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ARTIST JOHN GRAZIER, who created subtle, meticulous drawings and paintings of rooms, buildings, and cityscapes that are always devoid of people, died late last month at his home in rural Pennsylvania at the age of 76, the Washington Post reports. Grazier’s works suggest an almost preternaturally careful form of looking, as lights and shadows fall across furniture and architectural details. They radiate a curious melancholy, lonely and yet teeming with unseen life. The artist cut a distinctive path. While he studied at art schools, he never took a degree, he refused to work side jobs in order to focus exclusively on his art, and went through periods of homelessness. Long based in D.C., he sometimes spent under its bridges in the city. “It’s like sleeping on the Appalachian Trail, except it’s next to I-395,” he told the Post in 1990. “But it’s going to get better. I’m going to be rich and famous.” Institutions like the Art Institute of Chicago and Smithsonian American Art Museum today hold his work.
DÉJÀ VU ALL OVER AGAIN. Supporters of Brazil’s recently defeated president, Jair Bolsonaro, broke into the famed modernist government buildings of Brasília on Sunday, the New York Times reports. Hundreds of people were arrested. The extent of the damage they caused in the capital is not yet clear. But even before this weekend’s mayhem, the country’s Oscar Niemeyer–designed presidential palace—and the art in it—was damaged while Bolsonaro occupied it, according to a report by a Brazilian broadcaster picked up by the Guardian. Other artworks it holds are said to be missing. The former leader, who has floated false claims about election fraud, is believed to be in Florida, and was recently spotted at a KFC and a Publix market.
This year’s edition of the Masterpiece fair in London has been canceled by its owner, MCH Group (Art Basel’s parent company). The firm cited “escalating costs and a decline in the number of international exhibitors.” Masterpiece’s chief said that “no future editions of Masterpiece in its current format are planned.” [The Art Newspaper]
Inside the Uffizi, a new documentary that looks at the history and treasures of that beloved museum, will be available to stream widely by the end of March, and deals have been inked for it in Italy and China. It was directed by Corinna Belz (who made 2011’s Gerhard Richter Painting) and Enrique Sánchez Lansch. [Variety]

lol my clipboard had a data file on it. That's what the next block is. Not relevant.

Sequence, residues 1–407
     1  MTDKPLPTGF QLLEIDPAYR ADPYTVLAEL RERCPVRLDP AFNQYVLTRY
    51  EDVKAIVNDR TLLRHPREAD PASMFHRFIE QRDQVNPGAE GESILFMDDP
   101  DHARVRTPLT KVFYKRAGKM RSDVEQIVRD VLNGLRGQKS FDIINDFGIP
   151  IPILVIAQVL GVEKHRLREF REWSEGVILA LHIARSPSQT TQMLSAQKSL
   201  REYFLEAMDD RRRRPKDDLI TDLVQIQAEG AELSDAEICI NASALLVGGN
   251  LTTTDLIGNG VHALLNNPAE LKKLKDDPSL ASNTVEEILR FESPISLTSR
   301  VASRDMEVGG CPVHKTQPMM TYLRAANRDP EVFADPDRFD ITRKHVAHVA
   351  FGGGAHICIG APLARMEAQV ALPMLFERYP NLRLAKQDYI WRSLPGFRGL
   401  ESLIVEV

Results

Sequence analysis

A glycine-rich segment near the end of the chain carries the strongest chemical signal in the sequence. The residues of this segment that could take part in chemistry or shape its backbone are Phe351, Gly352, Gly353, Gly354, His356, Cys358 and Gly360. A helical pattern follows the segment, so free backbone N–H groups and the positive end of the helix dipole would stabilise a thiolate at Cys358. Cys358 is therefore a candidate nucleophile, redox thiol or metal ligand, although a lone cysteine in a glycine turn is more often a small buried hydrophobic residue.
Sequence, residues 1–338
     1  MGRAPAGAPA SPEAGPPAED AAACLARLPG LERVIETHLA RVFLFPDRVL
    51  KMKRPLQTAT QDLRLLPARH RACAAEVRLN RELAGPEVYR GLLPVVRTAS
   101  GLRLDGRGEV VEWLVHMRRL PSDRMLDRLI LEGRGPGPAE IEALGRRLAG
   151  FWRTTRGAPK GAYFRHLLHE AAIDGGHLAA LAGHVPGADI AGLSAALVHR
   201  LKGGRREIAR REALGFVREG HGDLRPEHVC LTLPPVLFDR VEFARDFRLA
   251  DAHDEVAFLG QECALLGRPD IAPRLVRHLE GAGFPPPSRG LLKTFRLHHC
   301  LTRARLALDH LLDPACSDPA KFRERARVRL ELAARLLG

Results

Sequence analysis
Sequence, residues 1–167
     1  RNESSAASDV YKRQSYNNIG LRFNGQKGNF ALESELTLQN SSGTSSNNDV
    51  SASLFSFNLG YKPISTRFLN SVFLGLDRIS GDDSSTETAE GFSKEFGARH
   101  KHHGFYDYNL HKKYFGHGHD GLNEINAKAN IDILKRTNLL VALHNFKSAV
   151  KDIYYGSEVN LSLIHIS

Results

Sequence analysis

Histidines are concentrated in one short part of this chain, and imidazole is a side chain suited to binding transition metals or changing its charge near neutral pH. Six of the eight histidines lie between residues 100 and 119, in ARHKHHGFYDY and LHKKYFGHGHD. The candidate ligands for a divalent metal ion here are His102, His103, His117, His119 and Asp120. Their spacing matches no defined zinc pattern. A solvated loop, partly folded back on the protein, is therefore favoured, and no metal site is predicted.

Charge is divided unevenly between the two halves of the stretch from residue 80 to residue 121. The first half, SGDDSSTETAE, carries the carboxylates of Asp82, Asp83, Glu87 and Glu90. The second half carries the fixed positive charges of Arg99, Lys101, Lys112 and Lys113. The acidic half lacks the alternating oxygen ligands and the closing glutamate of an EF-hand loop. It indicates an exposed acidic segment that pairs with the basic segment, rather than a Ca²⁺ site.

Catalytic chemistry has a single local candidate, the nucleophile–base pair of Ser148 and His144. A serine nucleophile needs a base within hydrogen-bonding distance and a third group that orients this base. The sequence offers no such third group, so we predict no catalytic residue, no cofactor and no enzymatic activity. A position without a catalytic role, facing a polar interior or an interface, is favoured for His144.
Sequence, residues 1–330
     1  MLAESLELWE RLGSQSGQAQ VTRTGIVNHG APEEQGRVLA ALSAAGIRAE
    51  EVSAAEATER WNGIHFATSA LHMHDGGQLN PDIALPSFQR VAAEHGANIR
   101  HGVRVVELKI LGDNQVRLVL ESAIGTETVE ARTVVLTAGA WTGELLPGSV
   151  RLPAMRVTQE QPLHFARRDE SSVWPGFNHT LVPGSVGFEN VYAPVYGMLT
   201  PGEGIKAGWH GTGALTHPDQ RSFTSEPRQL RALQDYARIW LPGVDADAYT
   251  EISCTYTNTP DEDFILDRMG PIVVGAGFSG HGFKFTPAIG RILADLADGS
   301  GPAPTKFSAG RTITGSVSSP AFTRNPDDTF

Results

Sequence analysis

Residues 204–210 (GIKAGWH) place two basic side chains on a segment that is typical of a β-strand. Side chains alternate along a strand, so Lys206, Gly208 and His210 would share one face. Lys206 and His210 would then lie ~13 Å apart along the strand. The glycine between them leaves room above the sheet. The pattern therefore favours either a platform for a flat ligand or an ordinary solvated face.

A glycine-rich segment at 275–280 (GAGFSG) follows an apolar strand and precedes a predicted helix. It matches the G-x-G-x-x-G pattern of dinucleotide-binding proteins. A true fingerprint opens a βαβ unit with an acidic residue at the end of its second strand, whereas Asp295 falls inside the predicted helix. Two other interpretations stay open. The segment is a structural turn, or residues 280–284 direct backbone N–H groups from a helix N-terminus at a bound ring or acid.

A YouTube video that racked up 1.7 million views last week claims that archaeologists recently discovered the tomb of the Egyptian god Osiris. Not so! An expert who watched the 28-minute production (yikes!) piece said, “Nothing accurate here; the videos just string together snippets from tombs and temples all over Egypt.” [The Associated Press]
Why is ancient Roman concrete so durable? A new study proposes that builders of the time developed a method for mixing the material that allows it to repair itself. It’s all a bit technical, but the process essentially involves water seeping into cracks and reacting to its ingredients, filling in the fractures. [The Guardian]
The Spanish architect David Romero and the Frank Lloyd Wright Foundation have collaborated to make ultra-detailed computer renderings of nine of Wright’s unbuilt projects. They include his plans for a chapel at the University of Oklahoma and The Illinois, his fabled mile-high Chicago tower. [Architectural Digest]
Mastercard has partnered with the blockchain platform Polygon to create a “Web3-focused incubator” for artists. “We see that Web3 holds tremendous promise for artists and creators to create, own and monetize their content,” a Mastercard exec said, “but only if they know how to leverage it.” [TechCrunch]
TRIPLE PLAY. Three giants of the British art world—Phyllida Barlow, Rachel Whiteread, and Alison Wilding—will open a show next week at Gagosian in Paris, and in the Financial Times, they chatted about the ups and downs of their storied careers. Barlow, for her part, recounted having sculptor Henry Moore as a teacher in the 1960s. “He told me I couldn’t draw!” she said. Apparently, Moore was nice about it, though. “I mean, I’m sure he was right,” Barlow told the paper, “they were probably awful drawings.” Regardless, things have worked out for her over the long run. Struggling art students, take heart! [FT]